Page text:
Web Analytics Made Easy - Statcounter

Vice President Kamala Harris in Seattle: The climate clock is "banging"

Share this Post:
Photo by Nate Gowdy
Photo by Nate Gowdy

On August 15, Vice President Kamala Harris touched down at King County International Airport (aka Boeing Field), then went to McKinstry, a construction and energy services company "dedicated to innovating the waste and climate harm out of the built environment." Once there, she and others shared remarks about the Biden-Harris administration's efforts to address the climate crisis by creating a robust "clean-energy economy" through the Inflation Reduction Act (IRA).

First on stage was McKinstry's chief executive officer and chairman, Dean Allen, who welcomed the crowd, saying, "We're here to celebrate our achievements but also to look forward. We're enthused about the future but also nervous." He also discussed McKinstry's part in President Biden's plans for investing in businesses that prioritize their impact on the environment.

McKinstry committed to reducing its greenhouse gas emissions by 50% by 2025 and carbon emissions to net zero by 2030 when it signed the Climate Pledge, an environmental promise initiated by Amazon. Allen spoke about taking action for the future, saying, "We need to be better at moving our feet and not just our lips."

Next, Mayor Bruce Harrell of Seattle stepped up to the podium. "Major cities across the country are responsible for 70% of the world's carbon emissions," he said. "Cities have the obligation and opportunity to drive progress with the Biden-Harris administration."

According to the City of Seattle's Office of Sustainability and Environment "2020 Community Greenhouse Gas Emissions Inventory" report, between 2008 and 2020, emissions from buildings, transportation, and waste decreased 21.5%. Though the report admits that shutdowns during the pandemic skewed the numbers to a degree, it is clear that Seattle's environmental policies and plans are working.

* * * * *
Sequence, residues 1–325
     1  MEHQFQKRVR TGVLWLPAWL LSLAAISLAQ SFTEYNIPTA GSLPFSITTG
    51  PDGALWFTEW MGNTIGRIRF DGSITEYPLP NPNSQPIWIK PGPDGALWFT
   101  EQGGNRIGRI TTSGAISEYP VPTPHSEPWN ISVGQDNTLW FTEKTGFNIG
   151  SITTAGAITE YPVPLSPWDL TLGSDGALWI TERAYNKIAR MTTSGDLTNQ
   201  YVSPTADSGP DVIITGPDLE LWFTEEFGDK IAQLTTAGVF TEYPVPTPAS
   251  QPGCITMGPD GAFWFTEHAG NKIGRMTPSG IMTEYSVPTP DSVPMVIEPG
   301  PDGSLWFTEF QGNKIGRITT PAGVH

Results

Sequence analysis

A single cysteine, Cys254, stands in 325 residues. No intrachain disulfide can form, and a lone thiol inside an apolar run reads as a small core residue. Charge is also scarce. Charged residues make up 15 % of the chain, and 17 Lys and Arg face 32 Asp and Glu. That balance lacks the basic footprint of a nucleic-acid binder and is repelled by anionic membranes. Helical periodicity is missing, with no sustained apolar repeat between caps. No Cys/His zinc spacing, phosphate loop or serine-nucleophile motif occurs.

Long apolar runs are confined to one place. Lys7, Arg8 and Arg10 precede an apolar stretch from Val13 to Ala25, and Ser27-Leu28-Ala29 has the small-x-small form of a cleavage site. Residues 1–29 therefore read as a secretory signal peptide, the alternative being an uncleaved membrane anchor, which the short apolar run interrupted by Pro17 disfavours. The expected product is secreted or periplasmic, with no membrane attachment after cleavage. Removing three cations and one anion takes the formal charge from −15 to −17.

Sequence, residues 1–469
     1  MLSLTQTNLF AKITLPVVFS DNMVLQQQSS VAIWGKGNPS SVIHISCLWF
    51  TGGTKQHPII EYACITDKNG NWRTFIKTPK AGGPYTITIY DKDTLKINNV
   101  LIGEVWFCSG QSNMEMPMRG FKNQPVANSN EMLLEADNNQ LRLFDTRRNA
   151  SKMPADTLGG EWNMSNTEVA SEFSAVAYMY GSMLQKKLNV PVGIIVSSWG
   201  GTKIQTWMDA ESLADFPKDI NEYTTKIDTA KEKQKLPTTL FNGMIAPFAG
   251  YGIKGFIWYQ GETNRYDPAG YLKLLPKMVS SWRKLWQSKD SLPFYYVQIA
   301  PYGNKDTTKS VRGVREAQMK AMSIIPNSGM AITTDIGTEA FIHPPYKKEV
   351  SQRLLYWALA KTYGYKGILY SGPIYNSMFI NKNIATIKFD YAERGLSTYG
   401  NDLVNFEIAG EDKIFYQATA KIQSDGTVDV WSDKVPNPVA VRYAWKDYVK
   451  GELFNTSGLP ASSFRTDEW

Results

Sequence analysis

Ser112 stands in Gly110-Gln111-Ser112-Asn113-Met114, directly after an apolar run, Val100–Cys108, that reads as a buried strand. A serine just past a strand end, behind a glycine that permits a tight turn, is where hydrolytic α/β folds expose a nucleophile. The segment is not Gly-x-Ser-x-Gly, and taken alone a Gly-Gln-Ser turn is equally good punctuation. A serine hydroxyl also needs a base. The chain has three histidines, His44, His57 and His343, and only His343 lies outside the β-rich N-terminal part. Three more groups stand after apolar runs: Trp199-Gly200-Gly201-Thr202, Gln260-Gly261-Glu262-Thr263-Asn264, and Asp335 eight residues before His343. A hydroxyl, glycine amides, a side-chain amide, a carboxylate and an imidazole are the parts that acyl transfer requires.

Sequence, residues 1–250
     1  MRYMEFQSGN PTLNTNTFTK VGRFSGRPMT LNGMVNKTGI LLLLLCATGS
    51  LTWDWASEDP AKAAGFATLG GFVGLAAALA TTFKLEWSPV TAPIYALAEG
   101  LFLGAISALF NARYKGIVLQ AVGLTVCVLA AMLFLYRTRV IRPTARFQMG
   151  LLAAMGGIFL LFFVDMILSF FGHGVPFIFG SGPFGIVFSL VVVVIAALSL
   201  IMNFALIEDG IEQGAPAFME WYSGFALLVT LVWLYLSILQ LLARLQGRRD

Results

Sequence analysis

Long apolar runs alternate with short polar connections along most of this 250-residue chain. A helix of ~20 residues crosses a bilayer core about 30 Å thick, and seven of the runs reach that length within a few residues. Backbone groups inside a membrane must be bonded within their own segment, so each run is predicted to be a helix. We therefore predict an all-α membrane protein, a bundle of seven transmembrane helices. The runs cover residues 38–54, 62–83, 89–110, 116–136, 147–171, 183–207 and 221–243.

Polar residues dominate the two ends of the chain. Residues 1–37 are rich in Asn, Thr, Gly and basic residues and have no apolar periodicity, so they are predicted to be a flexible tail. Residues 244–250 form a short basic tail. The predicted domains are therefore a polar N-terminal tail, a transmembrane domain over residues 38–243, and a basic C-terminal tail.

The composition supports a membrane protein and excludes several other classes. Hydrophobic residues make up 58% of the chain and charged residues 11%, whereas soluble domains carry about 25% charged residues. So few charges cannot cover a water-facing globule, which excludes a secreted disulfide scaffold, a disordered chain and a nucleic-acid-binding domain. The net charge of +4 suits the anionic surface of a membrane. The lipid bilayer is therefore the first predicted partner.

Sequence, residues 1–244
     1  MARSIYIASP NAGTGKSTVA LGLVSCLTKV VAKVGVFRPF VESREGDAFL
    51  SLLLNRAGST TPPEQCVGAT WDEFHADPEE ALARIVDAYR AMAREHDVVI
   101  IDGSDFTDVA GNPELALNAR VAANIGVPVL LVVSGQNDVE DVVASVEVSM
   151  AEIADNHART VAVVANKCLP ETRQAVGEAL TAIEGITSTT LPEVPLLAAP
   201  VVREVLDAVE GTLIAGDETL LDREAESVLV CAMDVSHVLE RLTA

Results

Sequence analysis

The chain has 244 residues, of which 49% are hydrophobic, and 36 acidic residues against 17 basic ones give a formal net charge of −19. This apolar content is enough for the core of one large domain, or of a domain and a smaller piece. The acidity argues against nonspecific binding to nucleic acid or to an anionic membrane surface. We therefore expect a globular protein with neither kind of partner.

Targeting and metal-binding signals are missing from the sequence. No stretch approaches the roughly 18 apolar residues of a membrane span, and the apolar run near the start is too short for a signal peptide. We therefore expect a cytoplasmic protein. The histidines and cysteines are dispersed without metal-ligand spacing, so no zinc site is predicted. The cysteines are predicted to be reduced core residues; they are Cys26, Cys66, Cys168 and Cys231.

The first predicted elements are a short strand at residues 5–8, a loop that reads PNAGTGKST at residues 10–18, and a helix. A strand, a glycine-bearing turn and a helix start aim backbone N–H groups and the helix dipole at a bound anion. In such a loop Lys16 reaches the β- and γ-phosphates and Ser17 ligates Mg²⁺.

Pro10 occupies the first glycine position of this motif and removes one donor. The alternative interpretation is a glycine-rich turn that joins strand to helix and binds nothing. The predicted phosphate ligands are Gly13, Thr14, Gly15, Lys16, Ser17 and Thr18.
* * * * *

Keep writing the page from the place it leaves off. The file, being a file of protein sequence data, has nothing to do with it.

Mayor Harrell continued, "We're working right now on our commitment to our city through policy... to develop a 30% tree canopy and a clear goal of innovating emissions performance in decarbonizing our buildings. We're doing the hard policy work right here in Seattle. The IRA is helping us to go in further."

Photo by Nate Gowdy  

"A new beast"
Next up was Washington Gov. Jay Inslee, who said, "[Climate change] must be defeated. We knew that beast was coming for us a year ago. Look what has happened since that time, in the intervening year across the world. People falling on the pavement being burned, massive ice melts, and our cataclysmic wildfires. We have to recognize reality. This is not your grandmother's climate change anymore. It is a new beast. It's an accelerating thing that demands immediate action."

Gov. Inslee spoke on the IRA and its benefits, saying, "[Washingtonians] are going to get more charging stations, so people can charge their electric cars, leading the transition to an electric future all across the state of Washington. This means more jobs as these initiatives come into place across the United States... The Biden-Harris administration is turning the Rust Belt in the Midwest into a clean-energy belt of jobs."

According to a report by the nonprofit climate advocacy group Climate Power, clean-energy companies announced over 100,000 new jobs in 31 states after the IRA became law, including 1,300 in Washington. When predicting the effects of the IRA over a decade, the Labor Energy Partnership projected 1.3 million jobs created. A more optimistic prediction from Blue Green Alliance and the Political Economy Research Institute said that over 9 million jobs would be created by 2030.